Abstract: Background. Primary hyperparathyroidism (PHPT) and Familial Hypocalciuric Hypercalcemia (FHH) result in different maternal and fetal complications in pregnancy. Calcium to creatinine clearance ratio (CCCR) is commonly used to help distinguish these two conditions. Physiological changes in calcium handling during pregnancy and lactation can alter CCCR, making it a less useful tool to distinguish PHPT from FHH. Cases. A 25-year-old female presented with hypercalcemia and an inappropriately normal PTH. Her CCCR was 0.79% before pregnancy and rose to 1.99% in her second trimester. The proband’s mother and neonate had asymptomatic hypercalcemia. Genetic analysis revealed a CaSR mutation consistent with FHH. A 19-year-old female presented with a history of nephrolithiasis who underwent emergent caesarean section at 29 weeks of gestation for severe preeclampsia. At delivery, she was diagnosed with hypercalcemia with an inappropriately normal PTH and a CCCR of 2.67%, which fell to 0.88% during lactation. Parathyroidectomy cured her hypercalcemia. Pathology confirmed a parathyroid adenoma. Conclusion. These cases illustrate the influence of pregnancy and lactation on renal calcium indices, such as the CCCR. To avoid diagnostic error of women with hypercalcemia during pregnancy and lactation, calcium biochemistry of first-degree relatives and genetic testing of select patients are recommended.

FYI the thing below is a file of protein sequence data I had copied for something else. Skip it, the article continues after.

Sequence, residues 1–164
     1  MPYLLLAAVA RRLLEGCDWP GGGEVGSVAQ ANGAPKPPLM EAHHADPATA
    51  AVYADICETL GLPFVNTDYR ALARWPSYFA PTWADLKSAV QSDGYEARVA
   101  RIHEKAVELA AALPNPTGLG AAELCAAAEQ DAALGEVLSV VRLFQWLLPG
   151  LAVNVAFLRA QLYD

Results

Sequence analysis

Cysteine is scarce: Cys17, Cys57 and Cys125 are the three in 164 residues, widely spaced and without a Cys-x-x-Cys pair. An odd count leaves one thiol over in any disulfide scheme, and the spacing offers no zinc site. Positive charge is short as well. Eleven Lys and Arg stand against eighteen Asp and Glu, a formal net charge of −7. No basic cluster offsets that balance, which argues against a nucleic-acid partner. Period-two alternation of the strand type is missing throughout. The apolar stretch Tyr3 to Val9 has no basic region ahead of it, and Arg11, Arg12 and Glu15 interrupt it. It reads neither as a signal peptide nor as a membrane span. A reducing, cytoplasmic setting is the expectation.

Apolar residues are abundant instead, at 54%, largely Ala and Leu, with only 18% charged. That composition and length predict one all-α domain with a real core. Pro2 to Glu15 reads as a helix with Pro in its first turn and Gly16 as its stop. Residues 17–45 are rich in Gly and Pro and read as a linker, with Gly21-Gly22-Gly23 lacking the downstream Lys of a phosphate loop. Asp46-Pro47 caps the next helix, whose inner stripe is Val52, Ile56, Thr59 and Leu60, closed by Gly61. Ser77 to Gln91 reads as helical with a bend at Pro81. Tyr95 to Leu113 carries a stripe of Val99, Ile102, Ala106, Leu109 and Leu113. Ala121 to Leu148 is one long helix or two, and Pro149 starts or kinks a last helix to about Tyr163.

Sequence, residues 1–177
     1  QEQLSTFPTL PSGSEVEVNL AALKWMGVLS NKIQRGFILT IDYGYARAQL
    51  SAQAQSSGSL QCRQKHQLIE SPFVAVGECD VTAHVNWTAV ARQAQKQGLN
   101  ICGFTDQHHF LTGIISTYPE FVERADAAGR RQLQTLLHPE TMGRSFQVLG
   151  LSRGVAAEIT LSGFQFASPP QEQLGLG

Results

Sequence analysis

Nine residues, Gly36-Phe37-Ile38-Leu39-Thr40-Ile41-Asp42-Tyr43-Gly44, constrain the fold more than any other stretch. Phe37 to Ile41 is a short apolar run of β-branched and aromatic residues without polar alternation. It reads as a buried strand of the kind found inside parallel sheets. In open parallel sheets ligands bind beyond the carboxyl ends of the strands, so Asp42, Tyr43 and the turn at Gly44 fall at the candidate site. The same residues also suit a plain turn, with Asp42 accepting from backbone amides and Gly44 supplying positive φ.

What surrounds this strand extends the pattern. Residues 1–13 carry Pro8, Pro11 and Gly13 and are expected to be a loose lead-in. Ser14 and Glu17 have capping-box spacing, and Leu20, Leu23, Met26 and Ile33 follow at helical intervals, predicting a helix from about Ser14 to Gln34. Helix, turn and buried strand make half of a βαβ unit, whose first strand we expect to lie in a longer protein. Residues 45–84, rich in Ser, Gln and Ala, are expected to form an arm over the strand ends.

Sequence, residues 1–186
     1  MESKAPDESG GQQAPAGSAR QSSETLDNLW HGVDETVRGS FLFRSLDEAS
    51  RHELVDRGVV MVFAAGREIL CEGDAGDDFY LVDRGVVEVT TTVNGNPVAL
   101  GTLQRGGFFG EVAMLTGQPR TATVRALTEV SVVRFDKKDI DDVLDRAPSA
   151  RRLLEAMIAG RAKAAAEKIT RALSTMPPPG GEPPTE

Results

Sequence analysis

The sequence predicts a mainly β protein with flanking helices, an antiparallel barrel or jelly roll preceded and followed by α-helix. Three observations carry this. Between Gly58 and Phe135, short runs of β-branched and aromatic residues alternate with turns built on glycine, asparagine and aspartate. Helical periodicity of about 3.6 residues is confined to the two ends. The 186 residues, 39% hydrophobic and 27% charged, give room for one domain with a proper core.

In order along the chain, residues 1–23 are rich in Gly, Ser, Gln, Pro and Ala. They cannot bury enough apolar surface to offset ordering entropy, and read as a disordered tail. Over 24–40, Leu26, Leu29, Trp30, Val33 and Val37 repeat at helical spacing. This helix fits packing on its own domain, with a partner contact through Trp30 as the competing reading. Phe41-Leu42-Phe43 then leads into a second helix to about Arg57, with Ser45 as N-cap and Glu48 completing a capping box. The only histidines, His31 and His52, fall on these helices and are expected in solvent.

PubDate: Wed, 09 Nov 2016 07:43:16 +000
- Surgical Management of Life-Threatening Thyroid Haematoma following Occult
Blunt Neck Trauma
Abstract: A 42-year-old man arrived at the emergency department in severe respiratory distress, requiring immediate intubation and ventilation. An emergency computed tomography (CT) neck scan identified a substantial haematoma within a multinodular goitre, necessitating an emergency total thyroidectomy. It was later discovered that the patient had been the victim of an assault involving blunt trauma to the anterior neck. Five days postoperatively the patient was extubated and was well enough to self-discharge the following day. Pathology revealed the lesion to be a ruptured follicular adenoma within his multinodular goitre. Signs of this rare but life-threatening condition may be subtle on initial presentation, particularly if the patient is obtunded. Patients with suspected blunt neck trauma should be observed for signs of respiratory distress. If this develops, the patient should be intubated to facilitate CT scan, and if thyroid haematoma is confirmed, emergency thyroidectomy is the definitive treatment.